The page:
My TFSA is filled with steady dividend stocks that are poised to deliver both consistent income and moderate capital gains over time. These should combine to an 8%–10% long-term return, which isn’t half bad.
In fact, it’s enough to easily grow my TFSA into something worth seven figures. Combine that with my wife’s account – which is also right on track to eventually surpass $1 million – and I figure we’re just about set for a comfortable middle class retirement. Any payments we might get from CPP or other pensions will be just a bonus.
The tough part is choosing which stocks to include in our TFSAs. There are thousands of stocks that trade on North American stock exchanges, and the vast majority of those I wouldn’t touch with a 10-foot pole.
Here are three dividend payers that I would consider – they would look great in your TFSA, too.
Canadian Western Bank
Canadian Western Bank (TSX:CWB) is an Edmonton-based bank that focuses on banking, trust, and wealth management services for business and commercial clients across Canada. Some of the company’s specialties include mortgages for developers, equipment financing, and providing start-up capital for franchise owners.
After really only being active in Western Canada – hence the name – the company has made an effort to expand operations into Ontario and Quebec. At the moment, 65% of its loans are made to borrowers in B.C. and Alberta, but these expansion efforts have pushed the percentage of the portfolio lent in Ontario and other eastern provinces up to 27% of total loans.
This strategy has helped the bank post solid profit growth when many of its peers are struggling to increase the bottom line. Canadian Western Bank’s most recent quarterly profit was up 10% versus the same period last year.
Finally, the stock pays a solid 3.3% yield with a history of dividend increases behind it. In fact, the company just hiked its dividend 8% in August.
Algonquin Power and Utilities
The company is a mixture of two different businesses. The first is owning a number of electric, natural gas, and water utilities, which combine to serve approximately 750,000 households. The company is also the holder of a large, diverse group of power plants, when then sell energy to various utilities. Together, these combine to deliver plenty of predictable cash flow.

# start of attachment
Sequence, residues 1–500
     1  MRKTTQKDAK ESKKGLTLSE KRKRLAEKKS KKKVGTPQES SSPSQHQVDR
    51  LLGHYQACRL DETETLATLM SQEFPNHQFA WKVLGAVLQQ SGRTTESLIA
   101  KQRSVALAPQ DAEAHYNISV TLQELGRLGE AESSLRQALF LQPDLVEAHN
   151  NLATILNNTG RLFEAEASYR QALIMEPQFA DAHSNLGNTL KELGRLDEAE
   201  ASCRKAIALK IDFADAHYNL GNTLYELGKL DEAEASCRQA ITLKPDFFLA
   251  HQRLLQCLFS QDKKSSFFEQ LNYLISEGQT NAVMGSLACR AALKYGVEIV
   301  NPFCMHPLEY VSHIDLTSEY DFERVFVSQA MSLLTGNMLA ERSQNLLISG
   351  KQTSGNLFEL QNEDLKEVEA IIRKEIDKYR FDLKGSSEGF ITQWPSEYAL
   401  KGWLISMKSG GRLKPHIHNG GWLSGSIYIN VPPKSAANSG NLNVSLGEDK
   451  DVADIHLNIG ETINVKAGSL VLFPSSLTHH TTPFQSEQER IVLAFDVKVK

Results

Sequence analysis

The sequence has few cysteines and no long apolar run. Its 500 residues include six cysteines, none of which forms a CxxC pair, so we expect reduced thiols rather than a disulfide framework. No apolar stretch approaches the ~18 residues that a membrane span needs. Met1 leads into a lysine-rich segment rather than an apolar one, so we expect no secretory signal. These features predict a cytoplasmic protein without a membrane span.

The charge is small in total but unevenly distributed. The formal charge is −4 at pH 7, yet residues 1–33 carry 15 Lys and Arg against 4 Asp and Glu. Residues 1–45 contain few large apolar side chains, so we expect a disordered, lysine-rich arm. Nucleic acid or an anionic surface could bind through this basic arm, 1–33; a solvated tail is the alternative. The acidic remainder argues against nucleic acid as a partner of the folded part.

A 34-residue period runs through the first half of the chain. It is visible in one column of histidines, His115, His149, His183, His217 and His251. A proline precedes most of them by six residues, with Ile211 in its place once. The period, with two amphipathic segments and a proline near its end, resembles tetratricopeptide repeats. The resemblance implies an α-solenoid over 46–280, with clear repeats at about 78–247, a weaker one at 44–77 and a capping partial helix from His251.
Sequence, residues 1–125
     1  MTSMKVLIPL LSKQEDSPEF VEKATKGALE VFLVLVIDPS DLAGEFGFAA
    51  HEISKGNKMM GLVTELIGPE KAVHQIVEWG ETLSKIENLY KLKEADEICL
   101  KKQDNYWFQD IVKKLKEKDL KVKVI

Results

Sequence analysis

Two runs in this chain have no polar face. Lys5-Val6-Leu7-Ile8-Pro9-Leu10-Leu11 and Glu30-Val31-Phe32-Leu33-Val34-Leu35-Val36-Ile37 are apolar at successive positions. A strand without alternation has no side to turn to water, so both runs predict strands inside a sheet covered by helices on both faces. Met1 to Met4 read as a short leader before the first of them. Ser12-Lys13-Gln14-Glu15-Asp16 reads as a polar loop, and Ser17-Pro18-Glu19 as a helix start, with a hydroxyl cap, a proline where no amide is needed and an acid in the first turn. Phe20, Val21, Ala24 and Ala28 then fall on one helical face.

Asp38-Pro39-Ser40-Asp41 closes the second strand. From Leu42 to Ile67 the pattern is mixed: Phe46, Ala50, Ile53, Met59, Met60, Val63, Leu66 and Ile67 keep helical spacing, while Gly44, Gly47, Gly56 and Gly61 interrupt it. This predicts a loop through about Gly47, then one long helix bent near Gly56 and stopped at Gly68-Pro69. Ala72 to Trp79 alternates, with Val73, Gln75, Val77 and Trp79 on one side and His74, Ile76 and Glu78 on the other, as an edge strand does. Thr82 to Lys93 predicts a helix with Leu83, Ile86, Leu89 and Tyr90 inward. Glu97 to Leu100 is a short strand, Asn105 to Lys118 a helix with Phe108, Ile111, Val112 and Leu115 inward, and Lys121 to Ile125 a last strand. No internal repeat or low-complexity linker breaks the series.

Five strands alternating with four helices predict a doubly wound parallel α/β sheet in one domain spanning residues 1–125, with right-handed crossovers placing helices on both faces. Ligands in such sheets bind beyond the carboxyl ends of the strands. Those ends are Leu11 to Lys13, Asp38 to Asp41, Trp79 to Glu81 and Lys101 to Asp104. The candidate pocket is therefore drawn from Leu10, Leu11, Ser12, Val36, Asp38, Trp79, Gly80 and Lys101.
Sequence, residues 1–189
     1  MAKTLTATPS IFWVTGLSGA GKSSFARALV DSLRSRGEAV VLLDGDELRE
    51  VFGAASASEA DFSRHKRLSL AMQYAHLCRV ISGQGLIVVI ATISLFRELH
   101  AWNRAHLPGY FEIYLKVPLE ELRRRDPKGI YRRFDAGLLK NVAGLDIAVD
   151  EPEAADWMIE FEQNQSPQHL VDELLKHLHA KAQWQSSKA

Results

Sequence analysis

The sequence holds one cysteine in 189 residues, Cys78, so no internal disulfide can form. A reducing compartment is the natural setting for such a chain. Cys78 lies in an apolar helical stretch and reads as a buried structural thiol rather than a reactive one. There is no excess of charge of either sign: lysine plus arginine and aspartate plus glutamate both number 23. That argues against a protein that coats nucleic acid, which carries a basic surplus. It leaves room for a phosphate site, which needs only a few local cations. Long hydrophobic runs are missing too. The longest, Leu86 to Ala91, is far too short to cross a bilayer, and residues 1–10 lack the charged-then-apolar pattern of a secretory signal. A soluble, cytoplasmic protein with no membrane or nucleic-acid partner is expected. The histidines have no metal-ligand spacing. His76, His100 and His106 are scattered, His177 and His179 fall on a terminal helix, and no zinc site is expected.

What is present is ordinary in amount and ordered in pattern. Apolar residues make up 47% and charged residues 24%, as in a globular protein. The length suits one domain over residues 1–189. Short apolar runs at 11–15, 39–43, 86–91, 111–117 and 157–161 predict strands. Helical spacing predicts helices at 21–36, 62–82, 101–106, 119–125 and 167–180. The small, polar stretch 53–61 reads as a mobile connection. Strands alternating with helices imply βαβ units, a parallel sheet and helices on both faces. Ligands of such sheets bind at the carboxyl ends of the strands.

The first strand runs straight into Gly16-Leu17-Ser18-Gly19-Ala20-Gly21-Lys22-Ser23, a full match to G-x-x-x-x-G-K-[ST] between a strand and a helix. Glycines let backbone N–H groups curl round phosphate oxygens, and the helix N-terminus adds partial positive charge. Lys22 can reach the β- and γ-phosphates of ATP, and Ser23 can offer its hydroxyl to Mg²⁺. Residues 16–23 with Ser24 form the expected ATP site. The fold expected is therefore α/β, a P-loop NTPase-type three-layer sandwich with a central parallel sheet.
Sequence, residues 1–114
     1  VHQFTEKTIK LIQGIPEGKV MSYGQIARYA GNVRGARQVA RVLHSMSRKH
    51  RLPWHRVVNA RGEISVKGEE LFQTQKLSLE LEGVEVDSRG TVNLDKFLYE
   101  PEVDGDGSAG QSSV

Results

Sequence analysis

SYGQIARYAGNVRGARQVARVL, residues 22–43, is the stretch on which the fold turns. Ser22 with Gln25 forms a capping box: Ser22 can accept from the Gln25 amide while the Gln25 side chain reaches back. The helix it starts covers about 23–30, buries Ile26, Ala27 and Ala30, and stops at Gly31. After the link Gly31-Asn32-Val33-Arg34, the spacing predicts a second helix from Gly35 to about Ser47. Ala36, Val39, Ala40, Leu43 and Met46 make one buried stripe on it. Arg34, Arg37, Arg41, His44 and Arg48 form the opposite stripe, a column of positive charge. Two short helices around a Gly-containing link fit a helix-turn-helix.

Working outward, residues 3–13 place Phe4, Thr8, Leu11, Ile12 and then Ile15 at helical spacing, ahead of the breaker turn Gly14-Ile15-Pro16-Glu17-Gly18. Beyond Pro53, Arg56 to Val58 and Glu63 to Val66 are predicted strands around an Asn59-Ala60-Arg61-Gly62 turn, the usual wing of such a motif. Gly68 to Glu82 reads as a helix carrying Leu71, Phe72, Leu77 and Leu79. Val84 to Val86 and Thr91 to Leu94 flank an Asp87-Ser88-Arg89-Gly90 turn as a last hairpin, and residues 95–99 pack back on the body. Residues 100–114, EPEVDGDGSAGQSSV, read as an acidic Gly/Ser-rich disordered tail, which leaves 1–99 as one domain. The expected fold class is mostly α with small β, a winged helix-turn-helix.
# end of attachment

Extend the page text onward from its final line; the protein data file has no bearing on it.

The company still has a lot of growth potential, too. It’s in the middle of a five-year capital investment plan worth more than US$6 billion. And it has also acquired its first utility business in Canada; it’ll add 12,000 natural gas customers in New Brunswick once regulators approve the deal.
Algonquin has raised its annual dividend each year since 2010, including a 10% raise back in May. Shares currently yield 4.2%.
Inter Pipeline is unique because the vast majority of its pipeline and other energy service assets are located in Alberta, which is much more friendly to oil and gas producers than other parts of the country. Its main assets are three pipelines that bring bitumen from the oil sands to Edmonton-area refineries. These pipelines are currently only running at about half total capacity, meaning it’ll be easy to add to the bottom line once production from the area picks up.
Inter Pipeline is also working on the Heartland Petrochemical Complex, a $3.5 billion project that will use cheap Alberta propane to make various plastic resins that are used in the manufacture of everything from chairs to currency. When completed in late-2021, Heartland is projected to add $500 million in EBITDA.
Investors shouldn’t expect crazy dividend increases until Heartland is paid for, but the stock still yields a robust 6.9% today. That’s a great payout in today’s low interest rate world.